Of the 23 projects awarded funding under the EU's New Entrants' Reserve (NER)300 first call, eight were bioenergy projects1, underscoring the relative importance of the sector for Europe’s renewable energy ambitions. Five of these projects are still underway, but three have stalled. An examination of the reasons behind this may allow us to see what lessons can be learned and what implications, if any, there are for future bioenergy projects in Europe.
The first NER300 bioenergy project to be mothballed was Pyroglot, a project by Sweden’s BillerudKorsnäs that investigated conditions for pyrolysis oil production from forestry residue. The company announced the project’s withdrawal from the NER300 programme in December 2013, citing concerns about the current commercial environment and short- to mid-term market development forecasts. BillerudKorsnäs CEO Per Lindberg said at the time that the company was unhappy about having to discontinue a project that it believed in, but that it would continue to monitor developments and be ready to act if and when conditions change.2
Similarly, the board of directors of Finland’s Vapo Oy decided in February 2014 to freeze project planning for the Ajos BTL biodiesel plant. This project had been jointly launched with the company Metsäliitto in 2007 but, after its partner withdrew in 2012, Vapo Oy was forced to go it alone. In the summer of 2012, the project received a commitment for support of EUR 88 million from the EU if the EUR 700-million project were realised.
According to Vapo’s Managing Director Tomi Yli-Kyyny, the project raised a great deal of international interest but it proved impossible to obtain a binding long-term partner agreement due to increased uncertainty in the operating environment and concern over renewable fuel legislation under preparation in the European Union. Another Finnish company, UPM, has also put its Stracel BTL biomass-to-liquid plant in France on hold, also citing proposed changes in the regulatory regime for the bioenergy sector. The company had been awarded EUR 170 million under the NER300 scheme in 2012 and the project was expected to become operational at the end of 2015. However, UPM Vice-President Marko Janhunen said that the company had mothballed the project until some clarity is received on the post-2020 regime for biofuels.3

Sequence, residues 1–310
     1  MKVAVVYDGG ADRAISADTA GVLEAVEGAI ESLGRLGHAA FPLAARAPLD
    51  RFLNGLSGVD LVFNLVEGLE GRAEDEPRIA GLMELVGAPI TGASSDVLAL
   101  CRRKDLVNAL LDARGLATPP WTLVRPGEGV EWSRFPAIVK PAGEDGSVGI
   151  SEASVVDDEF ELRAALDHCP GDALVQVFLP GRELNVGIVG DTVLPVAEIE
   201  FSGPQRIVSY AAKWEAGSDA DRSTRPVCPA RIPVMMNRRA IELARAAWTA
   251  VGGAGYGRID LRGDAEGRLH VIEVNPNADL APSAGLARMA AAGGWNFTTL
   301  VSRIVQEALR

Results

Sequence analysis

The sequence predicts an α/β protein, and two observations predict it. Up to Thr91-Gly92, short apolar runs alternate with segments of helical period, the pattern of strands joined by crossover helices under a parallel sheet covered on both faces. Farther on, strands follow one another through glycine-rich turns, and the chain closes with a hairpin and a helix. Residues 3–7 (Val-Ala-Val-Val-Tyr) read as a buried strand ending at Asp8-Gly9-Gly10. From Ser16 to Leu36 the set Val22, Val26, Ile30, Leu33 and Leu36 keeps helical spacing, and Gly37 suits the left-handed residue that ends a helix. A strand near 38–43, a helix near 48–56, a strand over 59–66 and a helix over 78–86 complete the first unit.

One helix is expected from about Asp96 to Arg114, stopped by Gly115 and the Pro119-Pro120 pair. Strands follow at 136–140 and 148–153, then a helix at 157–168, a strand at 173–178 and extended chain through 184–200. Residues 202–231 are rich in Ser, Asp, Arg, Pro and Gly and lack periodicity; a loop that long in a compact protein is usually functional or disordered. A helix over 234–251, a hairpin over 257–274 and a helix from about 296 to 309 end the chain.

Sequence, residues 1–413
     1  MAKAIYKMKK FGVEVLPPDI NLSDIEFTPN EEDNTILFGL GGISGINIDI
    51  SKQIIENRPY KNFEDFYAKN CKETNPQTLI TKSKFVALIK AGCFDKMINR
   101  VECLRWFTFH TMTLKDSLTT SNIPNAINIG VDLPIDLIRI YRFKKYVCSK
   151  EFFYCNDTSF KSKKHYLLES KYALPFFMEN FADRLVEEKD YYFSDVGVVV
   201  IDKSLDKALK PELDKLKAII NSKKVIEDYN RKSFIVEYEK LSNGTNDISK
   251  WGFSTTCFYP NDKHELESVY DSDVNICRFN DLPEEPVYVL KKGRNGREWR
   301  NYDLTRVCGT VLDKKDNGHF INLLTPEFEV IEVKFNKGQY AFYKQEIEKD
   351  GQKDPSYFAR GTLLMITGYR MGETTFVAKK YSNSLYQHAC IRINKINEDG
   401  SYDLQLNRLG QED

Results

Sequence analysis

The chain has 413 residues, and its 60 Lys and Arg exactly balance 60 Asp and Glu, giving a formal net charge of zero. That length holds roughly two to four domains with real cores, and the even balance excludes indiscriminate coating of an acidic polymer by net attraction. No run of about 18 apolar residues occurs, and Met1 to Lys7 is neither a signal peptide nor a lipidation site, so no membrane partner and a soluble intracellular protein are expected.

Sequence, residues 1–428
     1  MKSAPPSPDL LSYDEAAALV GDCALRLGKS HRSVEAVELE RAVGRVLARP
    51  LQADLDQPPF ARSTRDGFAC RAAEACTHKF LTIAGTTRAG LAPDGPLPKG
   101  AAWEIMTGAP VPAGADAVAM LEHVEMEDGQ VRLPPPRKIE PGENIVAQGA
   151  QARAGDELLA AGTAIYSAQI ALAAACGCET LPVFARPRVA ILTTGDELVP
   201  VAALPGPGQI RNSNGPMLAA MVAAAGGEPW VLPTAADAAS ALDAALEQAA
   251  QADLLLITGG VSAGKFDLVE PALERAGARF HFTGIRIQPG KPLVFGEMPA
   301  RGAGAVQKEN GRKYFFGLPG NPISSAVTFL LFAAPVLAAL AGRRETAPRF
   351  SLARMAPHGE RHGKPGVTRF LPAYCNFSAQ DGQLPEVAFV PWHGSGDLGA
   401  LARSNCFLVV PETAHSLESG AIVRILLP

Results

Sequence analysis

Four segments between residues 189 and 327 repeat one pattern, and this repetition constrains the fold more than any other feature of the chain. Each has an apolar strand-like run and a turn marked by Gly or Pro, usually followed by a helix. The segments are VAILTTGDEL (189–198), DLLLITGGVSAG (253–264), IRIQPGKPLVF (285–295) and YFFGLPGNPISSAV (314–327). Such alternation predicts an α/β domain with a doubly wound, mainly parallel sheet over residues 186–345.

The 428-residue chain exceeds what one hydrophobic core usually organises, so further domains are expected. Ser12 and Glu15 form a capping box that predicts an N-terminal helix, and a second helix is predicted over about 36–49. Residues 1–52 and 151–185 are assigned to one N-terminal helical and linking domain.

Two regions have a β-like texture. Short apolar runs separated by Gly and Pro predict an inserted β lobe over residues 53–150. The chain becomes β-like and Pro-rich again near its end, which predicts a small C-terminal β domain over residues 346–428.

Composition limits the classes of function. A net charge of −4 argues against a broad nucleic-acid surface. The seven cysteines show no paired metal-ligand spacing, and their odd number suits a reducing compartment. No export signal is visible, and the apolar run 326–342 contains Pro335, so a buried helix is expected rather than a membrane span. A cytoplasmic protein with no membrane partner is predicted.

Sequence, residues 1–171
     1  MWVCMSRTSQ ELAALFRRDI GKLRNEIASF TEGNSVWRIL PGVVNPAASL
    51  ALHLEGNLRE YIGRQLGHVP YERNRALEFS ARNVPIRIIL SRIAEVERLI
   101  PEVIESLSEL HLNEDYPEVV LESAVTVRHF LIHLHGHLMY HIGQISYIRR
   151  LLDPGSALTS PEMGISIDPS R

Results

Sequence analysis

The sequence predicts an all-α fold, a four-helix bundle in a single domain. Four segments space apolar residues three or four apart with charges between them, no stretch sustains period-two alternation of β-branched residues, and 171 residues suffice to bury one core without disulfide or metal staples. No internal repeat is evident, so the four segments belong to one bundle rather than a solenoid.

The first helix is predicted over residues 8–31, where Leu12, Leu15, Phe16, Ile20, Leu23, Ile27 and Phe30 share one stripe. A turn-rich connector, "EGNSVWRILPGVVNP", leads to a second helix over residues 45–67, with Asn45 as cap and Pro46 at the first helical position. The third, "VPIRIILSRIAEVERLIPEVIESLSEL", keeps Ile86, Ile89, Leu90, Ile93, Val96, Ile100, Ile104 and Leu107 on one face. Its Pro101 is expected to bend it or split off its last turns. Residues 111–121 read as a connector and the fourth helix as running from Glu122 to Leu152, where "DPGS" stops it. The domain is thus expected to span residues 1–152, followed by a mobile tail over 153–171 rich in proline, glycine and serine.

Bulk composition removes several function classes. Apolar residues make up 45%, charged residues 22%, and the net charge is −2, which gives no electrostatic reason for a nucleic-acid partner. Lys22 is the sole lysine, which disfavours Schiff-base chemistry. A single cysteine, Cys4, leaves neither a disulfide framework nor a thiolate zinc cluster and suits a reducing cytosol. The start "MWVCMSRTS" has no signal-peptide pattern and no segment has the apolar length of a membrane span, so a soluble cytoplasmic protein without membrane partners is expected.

From these three projects it seems clear that regulatory certainty for the post-2020 bioenergy sector is a ‘sine qua non’ for investor confidence. That said, the five other bioenergy projects awarded funding under NER300 are continuing to operate in the current environment. So, what is the secret of their success?
Germany’s VERBIO received EUR 22 million of NER300 funding for demonstration projects for the production of biomethane entirely from straw in December 2012. The project has now officially been launched and the biomethane is set to be fed-in at the VERBIO plant in Schwedt in the second half of 2014. The company underlined the important role that European Commission funding plays in the continuing development of biomethane in Germany and said that the decision to grant funding to the project underscored its intention to provide greater funding for sustainable types of biofuel in the future.4